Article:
What does the death of Prince Prospero represent?

In Poe's "The Masque of the Red Death," although the "Red Death" has devastated the country, Prince Prospero feels himself "happy and dauntless and sagacious." In his arrogance of having wealth and position, the prince believes that he can girder himself and his court inside the ramparts of one of his "castellated abbeys."  Believing that this ancient fortress will prevent the Red Death from assaulting them, the court and the prince engage in revelries as they attend a masquerade.

Since the prince "loves the bizarre," seven rooms are each designed so that the guests cannot see into the other rooms; and, the stained glass windows are of the same hue as the room's decor.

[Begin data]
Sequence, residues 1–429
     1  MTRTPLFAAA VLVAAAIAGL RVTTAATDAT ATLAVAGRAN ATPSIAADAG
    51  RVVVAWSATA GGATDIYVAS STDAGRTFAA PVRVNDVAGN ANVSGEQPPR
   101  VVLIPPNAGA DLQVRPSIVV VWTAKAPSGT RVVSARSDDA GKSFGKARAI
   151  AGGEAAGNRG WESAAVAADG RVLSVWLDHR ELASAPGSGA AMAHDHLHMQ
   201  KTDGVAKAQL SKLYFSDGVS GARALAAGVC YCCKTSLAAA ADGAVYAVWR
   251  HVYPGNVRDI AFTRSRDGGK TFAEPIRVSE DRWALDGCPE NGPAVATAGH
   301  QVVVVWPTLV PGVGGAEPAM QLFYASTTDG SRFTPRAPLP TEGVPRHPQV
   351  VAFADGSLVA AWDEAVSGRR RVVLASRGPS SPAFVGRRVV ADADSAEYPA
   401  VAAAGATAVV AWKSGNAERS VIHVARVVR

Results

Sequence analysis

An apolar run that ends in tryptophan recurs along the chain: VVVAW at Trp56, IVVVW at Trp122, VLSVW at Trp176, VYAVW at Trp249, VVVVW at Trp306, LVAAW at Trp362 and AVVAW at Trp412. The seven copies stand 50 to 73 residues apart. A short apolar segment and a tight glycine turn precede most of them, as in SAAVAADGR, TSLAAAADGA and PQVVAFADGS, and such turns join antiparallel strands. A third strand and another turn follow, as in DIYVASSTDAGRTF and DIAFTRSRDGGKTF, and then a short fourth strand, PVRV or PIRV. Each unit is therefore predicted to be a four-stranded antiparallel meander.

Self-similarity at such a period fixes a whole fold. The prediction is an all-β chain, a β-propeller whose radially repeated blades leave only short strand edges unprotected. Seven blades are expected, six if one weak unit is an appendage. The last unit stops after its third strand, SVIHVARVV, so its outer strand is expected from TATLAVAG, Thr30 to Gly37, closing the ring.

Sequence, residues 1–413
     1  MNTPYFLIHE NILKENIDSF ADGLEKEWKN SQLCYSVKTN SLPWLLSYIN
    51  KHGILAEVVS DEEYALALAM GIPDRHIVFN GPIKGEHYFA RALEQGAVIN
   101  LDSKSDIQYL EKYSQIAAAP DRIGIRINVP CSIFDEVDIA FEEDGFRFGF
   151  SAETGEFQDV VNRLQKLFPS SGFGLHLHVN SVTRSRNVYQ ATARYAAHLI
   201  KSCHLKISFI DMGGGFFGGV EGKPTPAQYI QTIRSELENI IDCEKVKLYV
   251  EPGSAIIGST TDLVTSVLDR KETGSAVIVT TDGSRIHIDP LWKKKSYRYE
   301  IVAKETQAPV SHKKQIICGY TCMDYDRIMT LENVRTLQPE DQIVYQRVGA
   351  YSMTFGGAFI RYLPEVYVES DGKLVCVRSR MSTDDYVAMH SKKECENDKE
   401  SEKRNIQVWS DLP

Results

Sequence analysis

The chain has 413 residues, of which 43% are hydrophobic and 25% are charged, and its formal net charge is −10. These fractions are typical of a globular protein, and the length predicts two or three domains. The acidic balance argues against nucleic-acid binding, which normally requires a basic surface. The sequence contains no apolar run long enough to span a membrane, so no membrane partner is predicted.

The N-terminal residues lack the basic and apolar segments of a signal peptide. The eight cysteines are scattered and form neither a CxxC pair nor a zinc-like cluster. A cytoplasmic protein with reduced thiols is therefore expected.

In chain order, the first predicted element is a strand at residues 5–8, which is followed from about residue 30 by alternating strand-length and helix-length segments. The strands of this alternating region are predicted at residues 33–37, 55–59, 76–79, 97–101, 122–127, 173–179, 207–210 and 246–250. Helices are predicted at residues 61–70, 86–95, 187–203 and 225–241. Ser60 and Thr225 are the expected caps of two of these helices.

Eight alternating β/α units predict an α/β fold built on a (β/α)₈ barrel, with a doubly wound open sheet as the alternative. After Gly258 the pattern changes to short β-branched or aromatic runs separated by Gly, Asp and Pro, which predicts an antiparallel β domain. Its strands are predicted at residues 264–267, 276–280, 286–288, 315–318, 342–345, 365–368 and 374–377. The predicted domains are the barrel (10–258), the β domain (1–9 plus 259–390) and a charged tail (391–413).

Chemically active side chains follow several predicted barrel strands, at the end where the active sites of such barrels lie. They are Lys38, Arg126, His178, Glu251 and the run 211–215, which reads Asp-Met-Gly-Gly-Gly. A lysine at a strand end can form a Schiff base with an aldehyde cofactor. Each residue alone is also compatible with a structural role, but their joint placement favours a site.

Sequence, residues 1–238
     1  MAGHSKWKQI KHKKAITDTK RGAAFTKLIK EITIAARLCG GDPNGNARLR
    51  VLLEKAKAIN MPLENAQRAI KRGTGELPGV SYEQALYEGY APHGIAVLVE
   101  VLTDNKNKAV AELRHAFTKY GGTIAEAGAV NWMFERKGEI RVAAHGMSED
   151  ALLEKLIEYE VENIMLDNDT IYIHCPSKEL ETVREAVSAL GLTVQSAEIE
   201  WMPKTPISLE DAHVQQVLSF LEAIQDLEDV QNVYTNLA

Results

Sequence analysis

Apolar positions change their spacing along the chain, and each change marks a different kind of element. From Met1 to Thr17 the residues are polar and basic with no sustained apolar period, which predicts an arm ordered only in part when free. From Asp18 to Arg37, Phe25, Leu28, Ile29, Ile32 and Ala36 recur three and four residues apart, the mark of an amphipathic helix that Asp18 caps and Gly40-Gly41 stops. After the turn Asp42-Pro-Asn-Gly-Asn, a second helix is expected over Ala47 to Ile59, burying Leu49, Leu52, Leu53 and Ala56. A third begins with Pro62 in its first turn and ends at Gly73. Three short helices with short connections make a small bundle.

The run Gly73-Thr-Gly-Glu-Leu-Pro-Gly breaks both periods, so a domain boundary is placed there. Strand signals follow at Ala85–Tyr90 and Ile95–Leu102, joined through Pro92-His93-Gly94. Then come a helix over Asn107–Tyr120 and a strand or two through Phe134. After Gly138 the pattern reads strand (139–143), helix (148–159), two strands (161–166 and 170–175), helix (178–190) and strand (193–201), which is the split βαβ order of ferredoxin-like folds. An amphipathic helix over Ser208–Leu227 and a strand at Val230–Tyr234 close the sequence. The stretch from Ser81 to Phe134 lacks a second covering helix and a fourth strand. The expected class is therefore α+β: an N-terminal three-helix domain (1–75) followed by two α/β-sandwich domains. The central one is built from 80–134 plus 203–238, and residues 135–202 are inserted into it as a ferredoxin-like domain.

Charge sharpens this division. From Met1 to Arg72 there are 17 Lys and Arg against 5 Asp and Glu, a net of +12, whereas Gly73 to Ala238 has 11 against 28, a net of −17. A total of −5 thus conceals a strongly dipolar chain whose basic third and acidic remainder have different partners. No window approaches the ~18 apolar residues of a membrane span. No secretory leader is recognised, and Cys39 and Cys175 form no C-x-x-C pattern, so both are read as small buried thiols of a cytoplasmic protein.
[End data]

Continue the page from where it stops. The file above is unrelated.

The tastes of the duke were peculiar.  he had a fine eye for colors and effects.  He disregarded the decora of mere fashio.  His plans were bold and fiery, and his conceptions glowed with barbaric luster....Ther were much glare and glitter and piquancy and phantasm...There were delirious fancies such as the madman fahions.

Clearly, Prince Prospero is a unique man who fancies himself superior to others, his powers outside the range of others.  He is in control of the entire masquerade; that is, until he becomes aware of "a masked figure." But, is this figure who 'out-masks' the creative designer of the masque as the deception of the intruder is not marked until it is too late.  For, the enraged Prince Prospero who raises a dagger and arrogantly demands, "Who dares?" is assaulted by something more powerful: the Red Death. 

He who forbids the "ingress and egress" of his abbey; he who has created his own designs and merriment; he who is "dauntless and sagacious" is attacked by one more dauntless and knowing: the Red Death.  The death of Prince Propspero proves that nothing man-made can stop the terrible plague, not money or fortresses, or boldness.

Last Updated on